Table of Contents
Understanding Menopause and Estrogen
Menopause comes with many changes for most women. Women typically go through menopause between 45 and 55 years of age. Some women may go through menopause earlier due to other external factors like surgeries, chemotherapy, and low estrogen. Estrogen is the primary female hormone responsible for many of the functions of the female sex organs.
When a woman reaches menopause, estrogen levels can dip dramatically. A woman reaches full menopause when she has not had a menstrual period for 12 months in a row, but hormone levels can fluctuate before this time. In the time before full menopause (perimenopause), there will be intermittent decreases in estrogen, progesterone, and testosterone. 
Estrogen functions include:
- Thickening of the uterus during menstruation
- Preserving bone
- Vaginal blood flow and lubrication
- Stimulating the growth of breast tissue
- Keeping the vaginal lining elastic
Progesterone functions include:
- Lining the uterus for a fertilized egg
- Keeping the uterus healthy during early pregnancy
- Testosterone functions include:
- Maintaining bone and muscle mass
- Contributing to libido
- Helping with estrogen production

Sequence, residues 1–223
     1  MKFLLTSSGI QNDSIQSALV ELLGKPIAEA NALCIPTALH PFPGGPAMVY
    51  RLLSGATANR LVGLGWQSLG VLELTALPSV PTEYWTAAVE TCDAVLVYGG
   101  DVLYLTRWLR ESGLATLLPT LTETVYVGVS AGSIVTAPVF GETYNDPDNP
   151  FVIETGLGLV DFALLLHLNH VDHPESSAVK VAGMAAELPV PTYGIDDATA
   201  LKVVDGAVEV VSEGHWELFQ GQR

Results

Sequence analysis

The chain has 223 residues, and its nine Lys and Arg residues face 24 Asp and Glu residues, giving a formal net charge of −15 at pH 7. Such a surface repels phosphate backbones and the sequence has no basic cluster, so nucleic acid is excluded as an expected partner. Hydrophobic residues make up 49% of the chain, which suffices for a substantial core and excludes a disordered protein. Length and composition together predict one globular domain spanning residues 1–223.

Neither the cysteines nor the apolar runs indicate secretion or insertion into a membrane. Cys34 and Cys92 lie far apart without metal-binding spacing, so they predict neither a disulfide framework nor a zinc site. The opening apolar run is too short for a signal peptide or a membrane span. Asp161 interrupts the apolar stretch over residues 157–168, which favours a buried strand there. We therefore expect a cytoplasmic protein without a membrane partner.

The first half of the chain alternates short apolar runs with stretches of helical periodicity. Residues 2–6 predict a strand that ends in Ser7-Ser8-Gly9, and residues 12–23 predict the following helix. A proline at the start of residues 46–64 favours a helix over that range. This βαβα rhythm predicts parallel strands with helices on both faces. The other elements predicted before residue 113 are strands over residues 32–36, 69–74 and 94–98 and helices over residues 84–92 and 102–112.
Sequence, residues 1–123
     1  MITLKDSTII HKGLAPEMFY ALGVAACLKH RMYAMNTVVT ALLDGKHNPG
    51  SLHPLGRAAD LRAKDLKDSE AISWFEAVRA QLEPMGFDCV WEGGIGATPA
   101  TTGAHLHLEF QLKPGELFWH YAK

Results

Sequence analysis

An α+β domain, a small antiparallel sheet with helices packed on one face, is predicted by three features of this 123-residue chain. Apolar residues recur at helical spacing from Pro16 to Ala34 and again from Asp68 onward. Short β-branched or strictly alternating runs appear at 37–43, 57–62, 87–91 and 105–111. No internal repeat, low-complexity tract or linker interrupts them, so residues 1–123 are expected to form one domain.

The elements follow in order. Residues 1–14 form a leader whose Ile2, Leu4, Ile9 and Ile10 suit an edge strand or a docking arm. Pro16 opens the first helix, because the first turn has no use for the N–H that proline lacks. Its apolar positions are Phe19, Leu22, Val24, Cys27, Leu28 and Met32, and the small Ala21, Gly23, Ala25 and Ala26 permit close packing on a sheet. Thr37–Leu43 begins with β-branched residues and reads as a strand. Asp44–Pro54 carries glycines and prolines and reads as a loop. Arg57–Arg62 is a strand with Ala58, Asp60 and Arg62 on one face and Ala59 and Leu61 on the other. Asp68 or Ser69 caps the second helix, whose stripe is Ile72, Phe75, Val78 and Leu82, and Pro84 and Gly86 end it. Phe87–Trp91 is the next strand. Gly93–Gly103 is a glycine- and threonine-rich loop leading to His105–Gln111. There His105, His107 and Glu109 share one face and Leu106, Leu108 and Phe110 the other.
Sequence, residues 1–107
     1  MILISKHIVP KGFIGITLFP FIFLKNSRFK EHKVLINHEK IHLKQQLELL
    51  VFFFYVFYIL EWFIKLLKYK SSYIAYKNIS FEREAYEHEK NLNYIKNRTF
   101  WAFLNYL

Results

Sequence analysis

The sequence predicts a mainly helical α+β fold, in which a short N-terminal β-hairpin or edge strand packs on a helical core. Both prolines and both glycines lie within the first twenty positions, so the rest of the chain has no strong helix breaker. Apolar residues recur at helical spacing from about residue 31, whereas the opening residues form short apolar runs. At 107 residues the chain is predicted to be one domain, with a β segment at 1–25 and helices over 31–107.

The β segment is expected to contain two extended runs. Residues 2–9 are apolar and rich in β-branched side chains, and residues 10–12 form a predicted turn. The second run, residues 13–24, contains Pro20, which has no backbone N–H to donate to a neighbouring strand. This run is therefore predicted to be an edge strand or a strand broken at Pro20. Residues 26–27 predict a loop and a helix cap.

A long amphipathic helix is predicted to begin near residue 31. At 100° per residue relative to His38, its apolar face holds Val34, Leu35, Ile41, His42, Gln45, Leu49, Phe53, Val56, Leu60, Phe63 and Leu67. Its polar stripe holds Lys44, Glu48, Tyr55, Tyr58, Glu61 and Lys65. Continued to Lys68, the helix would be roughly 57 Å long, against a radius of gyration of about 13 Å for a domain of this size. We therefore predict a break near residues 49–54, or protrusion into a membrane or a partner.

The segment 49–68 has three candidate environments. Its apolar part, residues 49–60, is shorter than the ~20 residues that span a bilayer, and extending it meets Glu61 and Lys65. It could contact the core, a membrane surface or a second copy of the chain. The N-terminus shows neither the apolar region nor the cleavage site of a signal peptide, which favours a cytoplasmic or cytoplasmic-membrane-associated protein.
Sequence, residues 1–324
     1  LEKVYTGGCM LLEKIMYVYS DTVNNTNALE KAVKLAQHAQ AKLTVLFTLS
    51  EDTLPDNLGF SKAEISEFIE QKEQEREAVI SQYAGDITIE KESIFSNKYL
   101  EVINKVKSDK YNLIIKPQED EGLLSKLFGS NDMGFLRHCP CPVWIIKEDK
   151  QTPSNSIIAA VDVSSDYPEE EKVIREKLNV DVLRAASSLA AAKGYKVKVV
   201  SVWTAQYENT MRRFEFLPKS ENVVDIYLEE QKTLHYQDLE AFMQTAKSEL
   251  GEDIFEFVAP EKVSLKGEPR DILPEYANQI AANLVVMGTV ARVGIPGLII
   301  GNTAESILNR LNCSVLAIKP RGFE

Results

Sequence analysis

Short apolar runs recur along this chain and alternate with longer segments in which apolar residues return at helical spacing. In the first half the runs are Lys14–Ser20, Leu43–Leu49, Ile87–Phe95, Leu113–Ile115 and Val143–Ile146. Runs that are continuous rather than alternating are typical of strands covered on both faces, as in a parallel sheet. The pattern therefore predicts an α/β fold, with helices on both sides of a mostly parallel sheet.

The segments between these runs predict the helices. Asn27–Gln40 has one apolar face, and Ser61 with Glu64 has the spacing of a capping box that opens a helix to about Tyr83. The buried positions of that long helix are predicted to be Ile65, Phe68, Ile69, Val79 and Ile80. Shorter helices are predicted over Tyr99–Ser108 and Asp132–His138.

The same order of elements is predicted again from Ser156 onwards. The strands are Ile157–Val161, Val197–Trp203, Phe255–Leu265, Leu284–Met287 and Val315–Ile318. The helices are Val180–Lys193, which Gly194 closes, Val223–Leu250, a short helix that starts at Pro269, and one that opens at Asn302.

Once menopause occurs, several unpleasant symptoms may follow. Fluctuating hormones can wreak havoc on the body for some women. Doctors may prescribe Premarin, Combipatch, or Provera to help women regulate estrogen hormones and prevent side effects. Read on to learn more about the effects of menopause on the female body.
From puberty to menopause, women typically have one menstrual period a month. Menstruation is the discharge of blood and tissue from the uterus. The menstrual cycle helps a female body prepare for pregnancy every month. During a menstrual cycle, hormones mature an egg from the ovaries. The uterine lining then becomes spongier and thicker than normal to accommodate this new potential fertilized egg. If the egg does not get fertilized by a sperm cell in the span of a menstrual cycle, then the uterine lining is shed, and a period occurs.